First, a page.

7. Use the knie to make several cuts, just through the peel. Create quarters by rstcutting around the ruit and then cutting rom top to bottom.
Note
: I workingwith youths, it may be best to have an adult or older youth make these cuts.8. Take time to smell the orange again.
Does it smell stronger? Sweeter? 
9.Peelthefruitslowly,takingtimetoenjoythearoma,texture,andcolor.
10. Separate a couple o segments. Examine their inner structure – hundreds o tiny juice-lled sacs.
11.Placeasegmentinyourmouth,closeyoureyes,andbitedown.Payattentionto
how the juice bursts into your mouth and lls it with orange favor.12. Chew slowly and experience the texture o the membrane.
How is this dierent than drinking a glass o orange juice? 
13. As you chew slowly, pretend this is the last orange on earth. It’s all yours!
 
Food for thought – 
 
west to the Mediterranean, whereorange trees spread across North
AfricaintoSpainandPortugal.
Columbus carried seeds o orangeand lemon trees to the West Indies.
Oranges today 
Brazilistheleadingorange-produc
-ing country in the world, ollowedby the United States, Mexico, Spain,Italy, China, Egypt, Turkey, Morocco,and Greece.Florida and Caliornia are the lead-ing orange-producing states in theUnited States. These two statesproduce nearly 25
billion
pounds o oranges each year! There are many ways to say “orange,”or example: In Dutch –
sinasappel 
 (
see
-nohs-ap-pel); Italian –
arancia
 (ah-
rahn
-chah); Spanish –
naranjo
 (nah-
rahn
-ho); German –
orange
 (oh-
rong
-je).
 
“I like this activity.Oranges are so muchmore than a rich sourceo vitamin C: The spray that can zing you when you peel it, the essenceo orange and the ‘resh’ that flls your nose, the juice that covers your fngers as you peel it. . . .” 
 - Judy Barbe, registereddietitian, Western DairyCouncilWas the orange satisying? Why orwhy not?Do you usually eat an orange in thisway?What would happen i you ate oodthis way more oten?How oten do you eat because youare hungry or ood? How much isto ll a need that has nothing to dowith ood?Imagine your orange really is thelast one on earth, and it’s your jobto keep the memory o the orangerom being lost rom the world. Think about what you would say toanother person. How would youdescribe the experience so he/shecould appreciate an orange?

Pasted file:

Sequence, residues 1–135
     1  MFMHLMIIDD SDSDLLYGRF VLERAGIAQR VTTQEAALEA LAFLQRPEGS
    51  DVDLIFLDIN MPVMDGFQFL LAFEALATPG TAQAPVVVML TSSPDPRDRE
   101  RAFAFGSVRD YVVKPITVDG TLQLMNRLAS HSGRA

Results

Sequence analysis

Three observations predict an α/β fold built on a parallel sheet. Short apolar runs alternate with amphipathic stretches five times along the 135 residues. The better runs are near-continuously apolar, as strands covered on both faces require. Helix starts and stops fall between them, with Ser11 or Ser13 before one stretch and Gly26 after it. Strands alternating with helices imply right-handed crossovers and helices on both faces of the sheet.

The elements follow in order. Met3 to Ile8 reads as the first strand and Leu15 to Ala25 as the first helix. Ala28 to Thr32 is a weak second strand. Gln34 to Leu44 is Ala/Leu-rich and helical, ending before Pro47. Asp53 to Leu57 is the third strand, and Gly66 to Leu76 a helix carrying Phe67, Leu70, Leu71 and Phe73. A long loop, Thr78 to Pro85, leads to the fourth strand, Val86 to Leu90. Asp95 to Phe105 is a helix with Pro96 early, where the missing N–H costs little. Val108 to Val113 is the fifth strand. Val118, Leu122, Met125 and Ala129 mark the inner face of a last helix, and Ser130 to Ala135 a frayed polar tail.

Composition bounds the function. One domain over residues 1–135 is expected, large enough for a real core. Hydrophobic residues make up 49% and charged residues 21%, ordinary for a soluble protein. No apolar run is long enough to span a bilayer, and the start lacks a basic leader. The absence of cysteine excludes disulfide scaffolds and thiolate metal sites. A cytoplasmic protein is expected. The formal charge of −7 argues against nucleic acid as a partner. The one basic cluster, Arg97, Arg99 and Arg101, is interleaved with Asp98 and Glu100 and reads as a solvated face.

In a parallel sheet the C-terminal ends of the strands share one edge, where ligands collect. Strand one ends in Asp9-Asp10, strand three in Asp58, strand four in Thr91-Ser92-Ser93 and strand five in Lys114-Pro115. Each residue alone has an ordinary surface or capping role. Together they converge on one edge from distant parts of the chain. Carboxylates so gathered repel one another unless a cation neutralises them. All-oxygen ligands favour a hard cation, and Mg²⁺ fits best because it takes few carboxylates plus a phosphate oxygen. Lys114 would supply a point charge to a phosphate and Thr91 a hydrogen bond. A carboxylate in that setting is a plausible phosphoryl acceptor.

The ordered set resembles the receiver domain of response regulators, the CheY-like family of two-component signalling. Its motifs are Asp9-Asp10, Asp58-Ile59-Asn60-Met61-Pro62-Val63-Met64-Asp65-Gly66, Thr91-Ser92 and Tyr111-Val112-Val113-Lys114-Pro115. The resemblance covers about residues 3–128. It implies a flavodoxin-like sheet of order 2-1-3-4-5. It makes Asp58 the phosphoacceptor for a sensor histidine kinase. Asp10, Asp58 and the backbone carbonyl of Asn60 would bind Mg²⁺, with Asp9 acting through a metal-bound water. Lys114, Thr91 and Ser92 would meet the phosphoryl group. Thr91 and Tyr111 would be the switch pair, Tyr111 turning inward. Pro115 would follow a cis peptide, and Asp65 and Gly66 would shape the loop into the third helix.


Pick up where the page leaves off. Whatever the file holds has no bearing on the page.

Questions to ask participants to guide discussionand convey other important meanings
Fruit facts
5
Did you know . . . ? 
Botanically speaking, the orange wecommonly eat or make into juice is
Citrus sinesis
. The bitter orange, alsocalled Seville, is a dierent species.
Orangevarietiesincludenavel,Pera,
Valencia, Hamlin, Moro, and Jaa.Orange trees are evergreens that canproduce leaves, fowers, and ruit allat the same time.In addition to being rereshing anddelicious, oranges are packed witholate, vitamin C, potassium, ber,and substances called phytochemi-cals, which help prevent disease.
History and geography 
Oranges may have rst grown inChina 4,000 years ago.About 2,000 years ago, oranges be-gan to spread beyond China, prob-ably rst to India. They expanded